Do we have deal?

Btw – Found the part about Tryptophan being a natural sedative pretty interesting.


6 Linsey November 17, 2009

chocolate jello pudding pie – whats that? – sounds very different


7 Linsey November 17, 2009

btw – when I have leftover turkey, stuffing and ham etc – always use it to make a massive meatloaf afterwards – one of my favourite ‘what to do with the leftovers’ recipes


8 Katie Pizzuto November 17, 2009

No dice, Mark….better the devil you know than the devil you don’t know 🙂 As for leftovers, as Linsey mentioned, look for a post-Thanksgiving article here on the best use of leftovers EVER.


9 Cate November 17, 2009

Love the historical twist! Would love to see a post about what will be on your table this Thanksgiving! I’m sure you mix it all up…


10 Linsey November 18, 2009

I’m English, so Cate I wont be having one – but also would like to read what others will be having and how traditional they are


11 Katie Pizzuto November 18, 2009

Cate, I’ve got the fortune of having been invited to my sister-in-law’s house for the holiday, so it won’t technically be my table. My duties include roasted peppers (for the antipasto, of course! LOL) as well as all desserts which, as of right now include an upside down apple pie w/caramelized pecans, a chocolate/brittle cake, pumpkin/rum ice cream and imperial stout-infused chocolate truffles 🙂


12 Scott November 19, 2009

Neat post!

I actually take Tryptophan supplements before sitting down to Thanksgiving diner. This way, I’m good and sleepy which really helps dealing with crazy relatives. Plus its all-natural!


13 Katie Pizzuto November 19, 2009

That’s it, Scott…blame the tryptophan and not the brews you’ll no doubt suck down, LOL.


14 The Wine Commonsewer November 19, 2009

As long as you don’t put any got dam marshmallows on my yami’s, I don’t care what you call them! 🙂


15 The Wine Commonsewer November 19, 2009

The turkey had suddenly morphed into roasted pig, the stuffing looked a lot like rice and beans, the yams tasted more like sweet fried plantains

Amen to that, girl, that just my cup of of tea.


16 Katie Pizzuto November 20, 2009

I hear ya, Mike…I don’t go near anything with marshmallows on it at the dinner table, in fact, I talked about it in last year’s Thanksgiving post (don’t know if you read it, but the link is in this article). They have no business being at the dinner table 🙂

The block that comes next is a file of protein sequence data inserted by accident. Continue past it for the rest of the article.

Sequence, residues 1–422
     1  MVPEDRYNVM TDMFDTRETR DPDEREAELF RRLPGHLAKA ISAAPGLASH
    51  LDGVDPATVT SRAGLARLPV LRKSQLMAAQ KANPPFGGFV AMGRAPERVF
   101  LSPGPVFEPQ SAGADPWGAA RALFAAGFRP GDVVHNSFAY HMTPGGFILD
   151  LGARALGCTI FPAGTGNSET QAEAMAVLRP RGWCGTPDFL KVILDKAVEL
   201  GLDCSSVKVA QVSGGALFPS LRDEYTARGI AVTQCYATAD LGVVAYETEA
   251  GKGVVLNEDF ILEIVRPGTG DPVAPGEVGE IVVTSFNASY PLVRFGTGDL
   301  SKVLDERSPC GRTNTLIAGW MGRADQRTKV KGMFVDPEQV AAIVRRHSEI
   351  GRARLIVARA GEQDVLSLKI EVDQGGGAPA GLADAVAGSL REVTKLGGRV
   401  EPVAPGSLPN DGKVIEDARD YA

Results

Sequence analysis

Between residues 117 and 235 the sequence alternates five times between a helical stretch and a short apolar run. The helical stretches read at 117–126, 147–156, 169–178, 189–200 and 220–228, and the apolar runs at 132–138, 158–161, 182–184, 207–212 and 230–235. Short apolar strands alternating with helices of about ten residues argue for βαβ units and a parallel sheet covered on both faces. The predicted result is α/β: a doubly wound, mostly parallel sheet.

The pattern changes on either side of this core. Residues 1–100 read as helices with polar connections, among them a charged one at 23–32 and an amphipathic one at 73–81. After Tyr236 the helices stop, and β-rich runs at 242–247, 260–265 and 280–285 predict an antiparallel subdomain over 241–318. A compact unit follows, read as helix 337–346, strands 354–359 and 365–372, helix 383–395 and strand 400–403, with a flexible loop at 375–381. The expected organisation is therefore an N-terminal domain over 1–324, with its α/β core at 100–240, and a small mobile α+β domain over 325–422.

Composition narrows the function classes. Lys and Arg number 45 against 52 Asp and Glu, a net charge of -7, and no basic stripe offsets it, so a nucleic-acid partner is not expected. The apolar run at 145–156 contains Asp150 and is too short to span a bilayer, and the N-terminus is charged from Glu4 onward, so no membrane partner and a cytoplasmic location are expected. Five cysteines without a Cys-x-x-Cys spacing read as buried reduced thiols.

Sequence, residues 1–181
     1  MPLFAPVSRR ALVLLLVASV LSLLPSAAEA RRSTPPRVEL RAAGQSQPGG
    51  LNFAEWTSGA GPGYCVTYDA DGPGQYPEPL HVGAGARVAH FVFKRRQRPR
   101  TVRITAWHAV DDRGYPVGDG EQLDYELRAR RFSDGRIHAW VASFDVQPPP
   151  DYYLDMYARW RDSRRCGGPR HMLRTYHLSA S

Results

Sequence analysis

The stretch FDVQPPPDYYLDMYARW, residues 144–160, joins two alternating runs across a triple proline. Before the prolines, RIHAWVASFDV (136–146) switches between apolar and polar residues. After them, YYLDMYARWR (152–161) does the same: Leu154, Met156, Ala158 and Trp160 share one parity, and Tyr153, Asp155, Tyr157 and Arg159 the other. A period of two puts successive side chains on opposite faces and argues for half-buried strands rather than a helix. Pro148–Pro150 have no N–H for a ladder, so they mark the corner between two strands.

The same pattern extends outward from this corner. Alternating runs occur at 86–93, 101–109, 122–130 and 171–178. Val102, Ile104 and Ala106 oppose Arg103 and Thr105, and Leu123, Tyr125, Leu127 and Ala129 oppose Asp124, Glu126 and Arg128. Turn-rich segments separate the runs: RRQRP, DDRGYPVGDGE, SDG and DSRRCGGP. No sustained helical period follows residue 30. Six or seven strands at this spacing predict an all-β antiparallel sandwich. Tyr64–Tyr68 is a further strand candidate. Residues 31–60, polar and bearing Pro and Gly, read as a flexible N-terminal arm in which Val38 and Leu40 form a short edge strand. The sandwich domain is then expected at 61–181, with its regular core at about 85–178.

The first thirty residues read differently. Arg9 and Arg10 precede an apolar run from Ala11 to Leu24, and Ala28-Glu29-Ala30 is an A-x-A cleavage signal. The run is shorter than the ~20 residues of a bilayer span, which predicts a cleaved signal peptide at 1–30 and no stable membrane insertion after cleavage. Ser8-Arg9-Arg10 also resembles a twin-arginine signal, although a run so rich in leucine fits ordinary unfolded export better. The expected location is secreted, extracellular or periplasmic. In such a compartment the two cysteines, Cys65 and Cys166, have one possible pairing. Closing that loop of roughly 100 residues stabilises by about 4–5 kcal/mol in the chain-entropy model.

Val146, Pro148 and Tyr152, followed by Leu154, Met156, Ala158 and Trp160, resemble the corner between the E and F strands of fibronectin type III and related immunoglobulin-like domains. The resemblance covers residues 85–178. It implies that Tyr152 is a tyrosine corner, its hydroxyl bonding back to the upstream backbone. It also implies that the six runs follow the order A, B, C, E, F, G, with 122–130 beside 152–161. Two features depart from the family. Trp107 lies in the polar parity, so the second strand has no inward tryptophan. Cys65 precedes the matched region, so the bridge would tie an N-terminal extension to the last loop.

I’ll have to also remember to invite you to the next Cuban Thanksgiving, LOL.


17 Jim November 20, 2009

@ Linsey that meatloaf using Turkey Day leftovers sounds fabulous, like a casserole with structure. I’ll have to google “Thanksgiving Meatloaf” and see how far I get.

@ Scott Most of my relatives are already on something, so your tryptophan supplement idea sounds like the way to go. Maybe wash it down with some Elijah Craig whiskey.


18 ConstanceC November 23, 2009


This article is really great! Definitely not your typical, “eat this, drink this” sort of deal. Interestingly enough, I am also Cuban, but we always saved those goodies for Christmas eve! Luckily my family focuses a lot on vegetable sides (I must admit, at my suggestion) but yes, undoubtedly the wine will be the cause that I am “sleepy” for the next 48 hours 😉


19 Linsey November 23, 2009

Thanks – I chuck anything into it – after Christmas there is usually beef, ham, turkey, stuffing around so with onion and a ton of other flavours like herbs, ketchup, seasoning and mushroom ketchup I just combine it all with egg and cook it in the oven until its cooked right through.

Christmas afters tradition I rather like 🙂 and the food processor for chopping is a wonderful wonderful thing lol


20 Linsey November 23, 2009

Question – marshmallows with sweet potato – is that served with the turkey meal?


21 Katie Pizzuto November 24, 2009

@Linsey…yup, the mini-marshallows get baked on top of the sweet potato casserole and served with the turkey dinner….BLECK!!

@Constance…had no idea you were Cuban…no wonder I like you! I’m looking forward to the Xmas Eve pig feast in Miami this year…going to see my family!! If you look a few posts back you’ll see a photo of last year’s lucky pig.


22 Linsey November 24, 2009

I do wonder who on earth first thought that marshmallows served with a meat roast is a good idea … yuck!


23 Katie Pizzuto November 24, 2009

Uh, that would be the marshmallow-making industry 🙂


24 The Wine Commonsewer November 26, 2009

Tryptophan is definitely a natural sedative, but truth is, it doesn’t act on the brain unless it’s taken on an empty stomach with no protein present.

Lies! [commences sawing logs]


25 SimpleSue March 12, 2010

(Oooops I ment to say that about the potatoes here, I clicked the wrong thing)
Finally a straight clear answer on sweet potatoes and yams. Thanks!


26 Katie Pizzuto March 12, 2010

My absolute pleasure, Sue! And as a “curvy” woman with two cats (one of them black) I adore your logo!